1.2.0 • Public • Published


    Triple-quoted strings for everyone!

    Here-documents and multiline strings done right.

    This is a simple source-source transformer for python-style triple-quoted strings. It can be used standalone or as an input preprocessor to another compiler (e.g. babel, sweetjs).


    JavaScript is lacking when it comes to raw string literals, especially for multi-line strings. ES6 template strings (delimited by single-backticks) are a great improvement, but still have some issues:

    • Any backticks in the text must still be escaped, which is really bad for SQL and Markdown
    • Indentation/whitespace is not correct
    • Sometimes you want a literal, without interpreting ${} as template expressions

    Correct indentation

    Both ES6 template strings and Python triple-quoted strings take everything between the opening and closing quotes literally and exactly, without consideration for the starting indentation:

    function fail() {
        return `
    // equivalent to
    function fail() {
        return "\n        foo\n        bar\n    ";

    Notice the leading newline plus n levels of indentation, and trailing newline with n-1 levels of indentation. In other words, a complete mess.

    With triplet, the indentation is taken into account:

    function nice() {
        return """
    // equivalent to
    function nice() {
        return "foo\nbar\n";

    Additional indentation within the string is preserved:

    function other() {
        return """
    // equivalent to
    function other() {
        return "foo\n    bar\nbaz";

    The rules are as follows:

    • Any leading newline is removed
    • Any whitespace up to the first non-whitespace character is taken as the starting indentation
    • The starting indentation is removed from any subsequent lines
    • Any trailing whitespace after the last newline is removed
    • The final newline is preserved to allow easy concatenation, and avoids 'missing newline at end of file'


    This is purposely designed to be simple as possible, with minimal knowledge of the language concerned. It can be used for any language, provided it conforms to the following rules:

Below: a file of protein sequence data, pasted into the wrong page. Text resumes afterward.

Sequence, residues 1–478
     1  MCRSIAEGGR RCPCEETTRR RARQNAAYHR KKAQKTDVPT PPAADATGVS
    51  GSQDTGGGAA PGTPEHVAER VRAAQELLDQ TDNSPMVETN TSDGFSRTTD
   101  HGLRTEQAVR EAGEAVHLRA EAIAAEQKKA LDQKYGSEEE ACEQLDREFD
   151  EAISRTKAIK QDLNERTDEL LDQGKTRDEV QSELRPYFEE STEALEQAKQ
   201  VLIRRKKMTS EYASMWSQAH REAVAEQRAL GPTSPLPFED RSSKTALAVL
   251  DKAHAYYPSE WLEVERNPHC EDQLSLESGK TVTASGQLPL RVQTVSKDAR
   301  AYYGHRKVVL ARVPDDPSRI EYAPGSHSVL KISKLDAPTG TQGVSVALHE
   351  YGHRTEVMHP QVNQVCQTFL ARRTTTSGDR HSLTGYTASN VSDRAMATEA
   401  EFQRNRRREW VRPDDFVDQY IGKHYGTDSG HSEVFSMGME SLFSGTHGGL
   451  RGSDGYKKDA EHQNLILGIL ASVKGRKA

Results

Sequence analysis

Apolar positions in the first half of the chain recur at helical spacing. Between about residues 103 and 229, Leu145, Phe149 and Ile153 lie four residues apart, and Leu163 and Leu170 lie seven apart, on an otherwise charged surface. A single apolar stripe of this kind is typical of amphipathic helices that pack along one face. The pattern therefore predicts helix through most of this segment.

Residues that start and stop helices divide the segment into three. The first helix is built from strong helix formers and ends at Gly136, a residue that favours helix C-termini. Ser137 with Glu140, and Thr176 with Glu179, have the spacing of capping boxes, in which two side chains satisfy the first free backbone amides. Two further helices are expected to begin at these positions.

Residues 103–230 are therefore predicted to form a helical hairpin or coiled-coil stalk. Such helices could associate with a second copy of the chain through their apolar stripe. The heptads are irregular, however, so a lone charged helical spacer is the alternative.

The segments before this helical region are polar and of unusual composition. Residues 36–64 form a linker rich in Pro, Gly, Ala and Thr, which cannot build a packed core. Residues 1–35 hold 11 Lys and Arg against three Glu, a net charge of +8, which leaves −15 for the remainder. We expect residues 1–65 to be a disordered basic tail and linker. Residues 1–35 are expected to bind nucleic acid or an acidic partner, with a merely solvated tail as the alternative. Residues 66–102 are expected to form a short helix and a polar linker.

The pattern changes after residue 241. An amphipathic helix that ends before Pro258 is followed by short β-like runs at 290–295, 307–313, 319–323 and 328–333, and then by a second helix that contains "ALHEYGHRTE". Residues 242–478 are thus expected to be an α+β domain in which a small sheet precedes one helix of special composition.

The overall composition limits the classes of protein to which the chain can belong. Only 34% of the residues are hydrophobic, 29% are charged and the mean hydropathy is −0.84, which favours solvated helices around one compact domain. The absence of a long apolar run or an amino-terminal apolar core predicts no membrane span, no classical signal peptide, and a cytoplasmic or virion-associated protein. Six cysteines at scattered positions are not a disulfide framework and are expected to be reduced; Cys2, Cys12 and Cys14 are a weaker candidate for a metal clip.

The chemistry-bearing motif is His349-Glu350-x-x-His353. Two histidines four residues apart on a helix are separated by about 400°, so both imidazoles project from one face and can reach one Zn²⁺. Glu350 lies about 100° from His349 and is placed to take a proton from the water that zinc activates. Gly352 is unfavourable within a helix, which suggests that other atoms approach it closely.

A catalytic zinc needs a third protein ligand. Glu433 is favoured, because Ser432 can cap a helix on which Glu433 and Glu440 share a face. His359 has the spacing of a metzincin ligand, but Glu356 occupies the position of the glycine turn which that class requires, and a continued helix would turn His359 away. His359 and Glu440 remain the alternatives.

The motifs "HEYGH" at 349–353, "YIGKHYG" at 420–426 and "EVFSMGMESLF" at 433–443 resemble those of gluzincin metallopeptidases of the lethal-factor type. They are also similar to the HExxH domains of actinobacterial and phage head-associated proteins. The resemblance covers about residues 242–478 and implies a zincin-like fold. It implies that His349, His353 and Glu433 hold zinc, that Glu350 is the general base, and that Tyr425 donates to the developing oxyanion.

• Strings begin with single-quotes ', double-quotes " or backticks \'
    • Round brackets (), square brackets [] and curly braces {} must be paired correctly
    • Comments are delimited by /* ... */ or //

    Use it standalone for plain Javascript, or as an input preprocessor for sweetjs, 6to5, babel, etc. You could even use it for C or Java!

    Regular expressions

    A special case must be made to support Javascript's regular expressions, because they may contain quotes and brackets. A parser strictly conforming to the ECMAScript specification requires contextual information and full understanding of the language. However, it is possible to parse 95% of real-world cases without this. By adding knowledge of return and if, it is possible to increase this to 99%. The other 1% is stupid and results in runtime errors anyway.

    When a / is encountered, the parser will look back to determine whether it should be parsed as a regex or not:

    • If the previous (non-whitespace) character is one of (,=:[!&|?{; then it is a regex
    • If the previous token is return then it is a regex
    • If it is a ), look back to the token before the matching (. If it is if then regex
    • If it is a }, assume a regex

    This deviates from the ECMAScript specification for the following cases:

    • x = function x() {} / (a function expression) will be parsed as a regex, but dividing a function doesn't make sense anyway
    • x = {} / will be parsed as a regex, but dividing an object literal doesn't make sense anyway
    • some other cases which would normally cause specific parse errors (e.g. while /regex/ or while () /regex/) will instead cause parse errors for unterminated regex

    A huge thanks to the mozilla/sweet.js folks for their excellent work on this.

    JSX support

    New in version 1.2.0

    JSX support has also been added, but must be explicitly requested with the --jsx command line option (or jsx: true for API usage).

    Line numbers / source maps

    Triplet preserves line numbering such that source maps should be unnecessary. Output strings are padded with newlines accordingly:

    x = """


    x =

    Command line

    triplet [file]
    • If file is '-', or not specified, reads from stdin.


    var triplet = require('triplet');
    triplet(input, options);
    • If input is a string or buffer, a string will be returned.
    • If input is a stream, a stream will be returned.


    • Ensure sensible support for mixed tabs/spaces
    • Better stream support


    All feedback, bug reports or pull requests will be much appreciated! Please open an issue on github.


    npm i triplet

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